Now you have a valid e-mail certificate (public key plus private key) registered on your system.
Email Encryption – Windows Mail Setup
Initially, Windows Mail will not know which of the certificates that you may have installed to use for your e-mail account. However, Mail knows where the certificate store is, so it allows you to select a default certificate for this account. To do this, select the top left (blue) tab on the Mail ribbon, then Options | Email accounts… |. Select your account, then Properties, then select the Security tab. You will see boxes for the Signing certificate and the Encrypting certificate. We are going to use the same certificate for both. Press the upper Select button, and Mail will present you with the relevant certificate that it finds in the Certificate Store. Press OK. Repeat with the lower Select button. Note that the default encryption algorithm is 3DES (triple-Data-Encryption-Standard). I’ll come back to this later. Press OK and Close. The setup is now done.
Now you need your correspondent to set up a certificate on their computer in the same way. It is possible to test the procedure out on one computer (I am checking it by using Windows Mail in a VirtualBox Windows 7 virtual machine, and sending messages between two of my e-mail accounts). But it’s much less confusing, and more useful, to test it out between you and a family member or friend. Once they have done the same thing, you are ready to go.
Email Encryption – Initiating Contact, Sending & Receiving Messages
First you need to send your correspondent a digitally-signed message. This will automatically give them a copy of your public certificate. Of course you won’t be able to encrypt this first message, since you don’t have their public certificate. You also need to have your correspondent registered as a Contact in your Contacts folder; their public certificate will eventually be stored as part of the Contact details. If you haven’t done this already, you can do it from the message they send back.
Open a new Email message form and write a message. Press “To…” to select your correspondent from the Contacts. Now select the Options tab, and press “Digitally sign”. (You can try selecting Encrypt as well if you want, but Mail will complain when you try to send the message). Send the message, confirming any security prompts that pop up.
Now your correspondent has your message and your public certificate. They will be presented with a message “front page” telling them that the message has been digitally signed. On pressing Continue, they will be able to read the message. At this point, if they have not already made you a Contact, they should do so. Then, if they examine your contact details, under Edit Contact | IDs, they should see your Digital ID (public certificate) with a big green tick against it, listed under your e-mail address. (It may be necessary to open the received e-mail fully, click to dismiss the warning page, then close the e-mail again in order to register the certificate ID with the contact).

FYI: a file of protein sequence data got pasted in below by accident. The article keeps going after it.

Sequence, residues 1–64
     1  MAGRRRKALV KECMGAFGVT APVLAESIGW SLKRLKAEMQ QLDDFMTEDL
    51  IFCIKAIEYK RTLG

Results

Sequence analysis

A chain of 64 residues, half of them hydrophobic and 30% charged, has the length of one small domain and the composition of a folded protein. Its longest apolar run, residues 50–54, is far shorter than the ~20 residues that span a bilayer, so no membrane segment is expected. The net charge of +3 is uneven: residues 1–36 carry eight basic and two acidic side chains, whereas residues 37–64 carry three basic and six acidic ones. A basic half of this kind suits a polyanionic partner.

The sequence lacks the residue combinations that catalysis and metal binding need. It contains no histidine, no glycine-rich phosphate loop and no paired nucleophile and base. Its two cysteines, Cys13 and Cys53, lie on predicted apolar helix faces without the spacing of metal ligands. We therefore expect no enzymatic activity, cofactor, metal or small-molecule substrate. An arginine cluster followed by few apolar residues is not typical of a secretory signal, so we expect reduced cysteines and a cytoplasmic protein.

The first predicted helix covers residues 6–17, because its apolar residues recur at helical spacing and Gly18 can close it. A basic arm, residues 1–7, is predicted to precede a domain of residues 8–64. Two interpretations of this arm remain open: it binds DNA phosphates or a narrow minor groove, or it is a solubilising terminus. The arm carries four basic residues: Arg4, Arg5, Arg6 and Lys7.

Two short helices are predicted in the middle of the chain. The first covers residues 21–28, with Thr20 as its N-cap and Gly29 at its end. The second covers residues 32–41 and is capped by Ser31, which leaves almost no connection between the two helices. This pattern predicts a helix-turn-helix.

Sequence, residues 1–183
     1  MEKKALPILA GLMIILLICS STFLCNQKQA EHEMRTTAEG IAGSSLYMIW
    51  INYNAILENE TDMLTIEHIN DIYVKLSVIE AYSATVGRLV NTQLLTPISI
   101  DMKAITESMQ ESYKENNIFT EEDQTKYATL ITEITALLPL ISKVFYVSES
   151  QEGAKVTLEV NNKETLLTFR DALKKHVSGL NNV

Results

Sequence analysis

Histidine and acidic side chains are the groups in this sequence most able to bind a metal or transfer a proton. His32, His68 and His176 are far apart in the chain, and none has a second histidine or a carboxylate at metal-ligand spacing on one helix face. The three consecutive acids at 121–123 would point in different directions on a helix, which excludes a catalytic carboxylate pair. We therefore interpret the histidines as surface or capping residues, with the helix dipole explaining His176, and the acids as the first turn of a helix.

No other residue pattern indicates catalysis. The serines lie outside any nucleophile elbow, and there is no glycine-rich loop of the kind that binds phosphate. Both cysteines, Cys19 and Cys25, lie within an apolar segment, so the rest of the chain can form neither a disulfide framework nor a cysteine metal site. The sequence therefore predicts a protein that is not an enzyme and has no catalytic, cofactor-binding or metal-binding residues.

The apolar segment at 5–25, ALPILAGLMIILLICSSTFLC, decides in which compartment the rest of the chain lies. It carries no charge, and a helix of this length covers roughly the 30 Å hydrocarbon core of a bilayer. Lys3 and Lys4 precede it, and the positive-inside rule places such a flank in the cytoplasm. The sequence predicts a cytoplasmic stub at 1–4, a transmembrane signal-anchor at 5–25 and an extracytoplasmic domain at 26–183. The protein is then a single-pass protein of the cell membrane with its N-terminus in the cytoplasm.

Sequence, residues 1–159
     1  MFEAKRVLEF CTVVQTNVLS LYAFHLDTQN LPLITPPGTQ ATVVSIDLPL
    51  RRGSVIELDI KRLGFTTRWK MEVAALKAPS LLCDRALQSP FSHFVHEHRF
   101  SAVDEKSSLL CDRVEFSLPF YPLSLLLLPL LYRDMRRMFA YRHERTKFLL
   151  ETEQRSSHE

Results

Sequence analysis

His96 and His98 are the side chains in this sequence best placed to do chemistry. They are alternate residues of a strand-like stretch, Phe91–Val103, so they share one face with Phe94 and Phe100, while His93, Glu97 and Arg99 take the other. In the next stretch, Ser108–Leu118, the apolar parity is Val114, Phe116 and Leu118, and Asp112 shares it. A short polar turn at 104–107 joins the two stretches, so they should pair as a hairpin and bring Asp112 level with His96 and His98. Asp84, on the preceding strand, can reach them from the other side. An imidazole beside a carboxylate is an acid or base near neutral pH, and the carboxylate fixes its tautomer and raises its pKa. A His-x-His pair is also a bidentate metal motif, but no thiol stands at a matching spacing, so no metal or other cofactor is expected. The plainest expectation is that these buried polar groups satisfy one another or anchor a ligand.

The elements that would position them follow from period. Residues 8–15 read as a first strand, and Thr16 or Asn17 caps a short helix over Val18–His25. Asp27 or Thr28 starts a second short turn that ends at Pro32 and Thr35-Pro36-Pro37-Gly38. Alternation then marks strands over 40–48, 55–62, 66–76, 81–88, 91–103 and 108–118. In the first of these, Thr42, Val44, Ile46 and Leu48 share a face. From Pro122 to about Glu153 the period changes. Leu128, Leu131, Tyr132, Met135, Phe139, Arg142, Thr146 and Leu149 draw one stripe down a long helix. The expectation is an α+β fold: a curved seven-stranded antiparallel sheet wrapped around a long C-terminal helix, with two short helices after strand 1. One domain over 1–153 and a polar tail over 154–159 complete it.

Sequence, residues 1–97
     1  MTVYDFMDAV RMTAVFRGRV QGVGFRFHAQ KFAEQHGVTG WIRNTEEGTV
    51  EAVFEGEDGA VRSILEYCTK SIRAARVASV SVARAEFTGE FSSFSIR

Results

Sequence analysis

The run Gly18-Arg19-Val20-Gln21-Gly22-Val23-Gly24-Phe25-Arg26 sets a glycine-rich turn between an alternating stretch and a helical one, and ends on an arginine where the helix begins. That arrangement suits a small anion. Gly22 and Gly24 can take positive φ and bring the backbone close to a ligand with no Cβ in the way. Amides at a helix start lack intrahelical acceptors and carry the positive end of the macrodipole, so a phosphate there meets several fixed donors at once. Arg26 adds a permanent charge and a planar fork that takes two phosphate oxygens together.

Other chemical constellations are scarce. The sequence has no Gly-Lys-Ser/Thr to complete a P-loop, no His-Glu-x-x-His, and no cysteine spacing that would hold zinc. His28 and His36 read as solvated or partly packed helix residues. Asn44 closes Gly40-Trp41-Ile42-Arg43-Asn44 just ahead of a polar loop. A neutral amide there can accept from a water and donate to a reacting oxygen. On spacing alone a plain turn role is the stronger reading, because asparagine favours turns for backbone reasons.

That’s the first stage done. Now you are almost set up. Your correspondent can now send you an encrypted message which should also be signed, so they should select both the Encrypt and Sign buttons when composing their message. That way, you get their public certificate in return.
When you receive it, open the message. You will get the warning first page; press Continue, and you should see the decrypted signed message. You may get a security prompt now and then, but all you have to do is OK it. Clicking on the seal and padlock icons will show you the signing and encryption certificate details (the same, in this case). You should check the contact details for your correspondent, as above, to ensure that their public certificate has been registered. If not, you may have to create a new Contact for them from the e-mail they sent (right-click on the sender’s e-mail address).
That’s it. You and your correspondent can now encrypt your e-mails to each other, simply by pressing the Encrypt button when composing the message. That wasn’t so bad. Was it?
You can simultaneously digitally sign your encrypted messages by pressing the Sign button (signing is done transparently with your private key), which means that your recipient can automatically authenticate the message with your public key. This assures them that the message really came from you and has not been tampered with. Whether you do this every time or not is up to you.
Incidentally, you may notice in a message that you receive that sometimes the little seal symbol is greyed out; if you click it you will find that this is because Mail has not yet finished the online verification that the certificate is valid.
Email Encryption – The Non-Essential Details
You can do it now. You don’t need to read any further. Or skip to the bottom if you use Outlook 2010. So far I have glossed over the gory cryptographic details, in the best traditions of intelligence need-to-know. But if you want to know, here is some more background on the process.
I mentioned 3DES above, and you may be wondering what happened to the asymmetric RSA algorithm. The wrinkle here is that RSA is slow in decrypting and encrypting all but the smallest message, so the message is actually encrypted using 3DES, which is a symmetric algorithm like AES. It’s a little long in the tooth now, and generally accepted as not as good as AES, but it’s still highly secure. Why does Mail not use AES? Ask Microsoft.